It's not about money, it's about freedom: voices from Wisconsin

StopAttackWisconsin

MADISON, Wisc. -- There is one thing Wisconsin union families want everyone to know: the protests are about workers' freedom to organize into a union and bargain collectively.  These protests, they say, have nothing to do with "fixing" the Wisconsin state budget. Union leaders have called GOP Gov. Scott Walker and told him they would accept his economic package (big concessions) if he dropped the ban on collective bargaining. He refused.

"We are willing to tighten our belts," said middle school band director Kim Hoffman, "but don't you dare take our rights away!" Hoffman spoke at the Feb. 18 rally in front of the state Capitol here, saying she wanted to put a "human face" on what Walker is "taking away from the citizens of Wisconsin."

A 17-year veteran of the Army National Guard, Hoffman said her husband, also a teacher, and her three kids were here with her. "I joined the Army to pay for school. To be able to do one thing I dreamed of doing my whole life." Hoffman's father is a retired band director, too. "This budget repair bill will take away my dream," she said.

"I am not here to arrest anyone here tonight. I'm not here to take the place of any correction officer. They are my union sisters and brothers!" she said, referring to Walker's threat of calling out the National Guard.

Walker is in the pocket of the infamous Koch brothers, multi-billionaire oil tycoons who support fringe far-right and racist causes like the John Birch Society, which have moved into the supposed mainstream through the tea party and GOP.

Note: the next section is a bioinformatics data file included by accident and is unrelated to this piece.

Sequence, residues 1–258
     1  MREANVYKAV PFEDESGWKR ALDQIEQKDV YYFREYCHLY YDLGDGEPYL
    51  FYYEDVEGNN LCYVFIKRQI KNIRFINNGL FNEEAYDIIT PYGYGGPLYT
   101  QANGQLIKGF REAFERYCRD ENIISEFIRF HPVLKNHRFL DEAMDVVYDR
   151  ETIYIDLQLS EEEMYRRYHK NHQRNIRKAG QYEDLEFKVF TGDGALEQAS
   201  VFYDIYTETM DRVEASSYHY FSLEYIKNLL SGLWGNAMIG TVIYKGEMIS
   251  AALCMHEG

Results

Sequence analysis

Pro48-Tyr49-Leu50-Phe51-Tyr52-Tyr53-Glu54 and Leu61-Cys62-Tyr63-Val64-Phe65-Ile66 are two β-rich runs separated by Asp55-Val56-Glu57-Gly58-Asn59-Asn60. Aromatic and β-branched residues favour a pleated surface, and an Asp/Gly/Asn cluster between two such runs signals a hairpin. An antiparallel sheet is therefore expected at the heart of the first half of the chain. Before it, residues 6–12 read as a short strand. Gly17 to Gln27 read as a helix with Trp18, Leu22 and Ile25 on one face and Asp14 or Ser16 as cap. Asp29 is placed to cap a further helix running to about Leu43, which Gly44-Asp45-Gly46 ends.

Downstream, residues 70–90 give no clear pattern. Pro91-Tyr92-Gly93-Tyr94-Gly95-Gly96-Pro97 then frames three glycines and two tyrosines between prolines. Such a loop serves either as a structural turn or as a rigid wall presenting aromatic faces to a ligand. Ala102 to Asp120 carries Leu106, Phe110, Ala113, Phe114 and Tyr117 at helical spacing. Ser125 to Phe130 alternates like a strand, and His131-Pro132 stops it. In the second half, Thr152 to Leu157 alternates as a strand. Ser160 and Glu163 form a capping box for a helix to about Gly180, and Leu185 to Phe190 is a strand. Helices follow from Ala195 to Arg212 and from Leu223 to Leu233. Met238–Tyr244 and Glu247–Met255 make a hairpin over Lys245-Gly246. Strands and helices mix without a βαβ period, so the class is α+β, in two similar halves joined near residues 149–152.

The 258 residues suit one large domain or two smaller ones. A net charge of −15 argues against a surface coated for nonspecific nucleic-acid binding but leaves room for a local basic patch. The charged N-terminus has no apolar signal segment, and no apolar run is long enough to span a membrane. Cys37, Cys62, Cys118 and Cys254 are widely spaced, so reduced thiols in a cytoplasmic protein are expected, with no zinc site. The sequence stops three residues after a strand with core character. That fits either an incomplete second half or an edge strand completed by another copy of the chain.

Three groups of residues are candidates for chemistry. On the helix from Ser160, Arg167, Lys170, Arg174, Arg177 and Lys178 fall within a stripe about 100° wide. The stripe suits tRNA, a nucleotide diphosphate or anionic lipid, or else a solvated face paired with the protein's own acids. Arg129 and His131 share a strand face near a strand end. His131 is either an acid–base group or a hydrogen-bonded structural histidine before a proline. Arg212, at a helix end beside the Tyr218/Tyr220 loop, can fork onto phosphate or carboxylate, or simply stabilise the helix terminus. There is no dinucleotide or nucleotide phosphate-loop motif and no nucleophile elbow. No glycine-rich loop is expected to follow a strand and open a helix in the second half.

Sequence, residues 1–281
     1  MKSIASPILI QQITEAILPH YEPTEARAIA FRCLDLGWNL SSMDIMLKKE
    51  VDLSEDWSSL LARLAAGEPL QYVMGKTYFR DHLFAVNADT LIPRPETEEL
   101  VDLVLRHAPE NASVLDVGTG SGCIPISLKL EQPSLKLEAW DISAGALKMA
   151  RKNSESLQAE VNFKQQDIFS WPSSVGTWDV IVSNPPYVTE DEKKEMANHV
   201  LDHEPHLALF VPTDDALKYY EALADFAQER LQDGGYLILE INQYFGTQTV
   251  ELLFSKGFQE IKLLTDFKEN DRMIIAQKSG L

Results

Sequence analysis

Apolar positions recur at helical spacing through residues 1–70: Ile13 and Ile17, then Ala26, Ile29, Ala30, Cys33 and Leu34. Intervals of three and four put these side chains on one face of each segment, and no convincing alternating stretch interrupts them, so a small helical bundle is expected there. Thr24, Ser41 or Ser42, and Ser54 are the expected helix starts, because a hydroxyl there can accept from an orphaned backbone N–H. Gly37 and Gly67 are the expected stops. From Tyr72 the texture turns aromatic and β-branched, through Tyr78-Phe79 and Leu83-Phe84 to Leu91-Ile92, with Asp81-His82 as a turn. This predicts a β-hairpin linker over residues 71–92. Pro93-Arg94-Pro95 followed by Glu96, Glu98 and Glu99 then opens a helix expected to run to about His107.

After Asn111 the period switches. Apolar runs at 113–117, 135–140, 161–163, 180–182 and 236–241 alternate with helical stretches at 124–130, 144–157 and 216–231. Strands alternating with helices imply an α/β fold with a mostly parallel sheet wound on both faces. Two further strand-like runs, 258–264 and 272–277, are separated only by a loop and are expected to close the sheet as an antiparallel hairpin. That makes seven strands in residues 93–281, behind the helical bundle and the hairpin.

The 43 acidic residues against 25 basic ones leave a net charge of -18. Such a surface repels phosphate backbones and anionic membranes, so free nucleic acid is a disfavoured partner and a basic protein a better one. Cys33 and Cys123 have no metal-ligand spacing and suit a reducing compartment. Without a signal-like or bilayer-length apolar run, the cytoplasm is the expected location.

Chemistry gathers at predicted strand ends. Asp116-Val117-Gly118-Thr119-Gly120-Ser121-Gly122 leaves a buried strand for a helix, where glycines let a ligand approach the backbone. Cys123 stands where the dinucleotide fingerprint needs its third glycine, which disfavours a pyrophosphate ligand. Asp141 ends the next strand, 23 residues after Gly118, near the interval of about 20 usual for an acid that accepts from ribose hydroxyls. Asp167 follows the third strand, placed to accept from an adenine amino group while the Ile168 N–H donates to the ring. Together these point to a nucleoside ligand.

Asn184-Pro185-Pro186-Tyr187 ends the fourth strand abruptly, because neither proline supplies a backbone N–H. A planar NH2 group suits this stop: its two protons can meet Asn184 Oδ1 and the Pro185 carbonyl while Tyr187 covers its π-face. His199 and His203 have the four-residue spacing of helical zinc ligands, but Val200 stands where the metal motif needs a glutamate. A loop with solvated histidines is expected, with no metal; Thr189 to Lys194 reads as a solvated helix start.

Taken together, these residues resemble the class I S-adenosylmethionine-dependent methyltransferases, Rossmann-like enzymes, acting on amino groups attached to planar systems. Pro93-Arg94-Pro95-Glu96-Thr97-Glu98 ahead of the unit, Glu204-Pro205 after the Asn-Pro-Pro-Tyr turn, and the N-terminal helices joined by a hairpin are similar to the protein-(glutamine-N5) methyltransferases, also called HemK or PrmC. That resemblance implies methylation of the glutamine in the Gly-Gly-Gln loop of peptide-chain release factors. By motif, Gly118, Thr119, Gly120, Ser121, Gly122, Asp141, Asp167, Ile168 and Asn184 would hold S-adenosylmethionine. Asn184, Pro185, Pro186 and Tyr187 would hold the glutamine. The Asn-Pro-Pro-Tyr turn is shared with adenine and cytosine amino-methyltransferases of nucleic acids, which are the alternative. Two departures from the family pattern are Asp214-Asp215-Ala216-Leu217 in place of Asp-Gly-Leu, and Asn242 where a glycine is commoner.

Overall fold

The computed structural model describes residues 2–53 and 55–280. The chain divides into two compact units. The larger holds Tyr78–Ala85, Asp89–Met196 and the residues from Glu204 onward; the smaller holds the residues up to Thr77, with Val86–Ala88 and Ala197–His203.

"Koch-backed groups like Americans for Prosperity, the Cato Institute, the Competitive Enterprise Institute, and the Reason Foundation have long taken a very antagonistic view toward public-sector unions. Several of these groups have urged the eradication of these unions. The Kochs also invited Mark Mix, president of the National Right to Work Legal Defense Foundation, an anti-union outfit, to a June 2010 confab in Aspen, Colo," reports Mother Jones.

Americans for Prosperity, a Koch Brothers front, has put up a website called Stand With Walker. The website is so extreme it attacks all collective bargaining - not just for public employees' unions. Americans for Prosperity was behind the so-called tea party Saturday rally, which drew a pathetically small crowd compared to the tens of thousands of union workers, students and supporters.

The Koch brothers have big financial interests in Wisconsin. According to Think Progress, "Koch owns a coal company subsidiary with facilities in Green Bay, Manitowoc, Ashland and Sheboygan; six timber plants throughout the state; and a large network of pipelines in Wisconsin. While Koch controls much of the infrastructure in the state, they have laid off workers to boost profits. At a time when Koch Industries owners David and Charles Koch awarded themselves an extra $11 billion of income from the company, Koch slashed jobs at their Green Bay plant." (Check out Boycott Koch Brothers website.)

Even the New York Times, not a friend of unions and working people, said in its Feb. 17 editorial that Walker's budget plan had "an ideological goal dear to his fellow Republicans: eliminating most collective bargaining rights for public employees" that has nothing to do with allegedly fixing the budget.

The Rev. Jesse Jackson said at the Friday night rally that Wisconsin workers and students are "winning the Super Bowl of workers rights."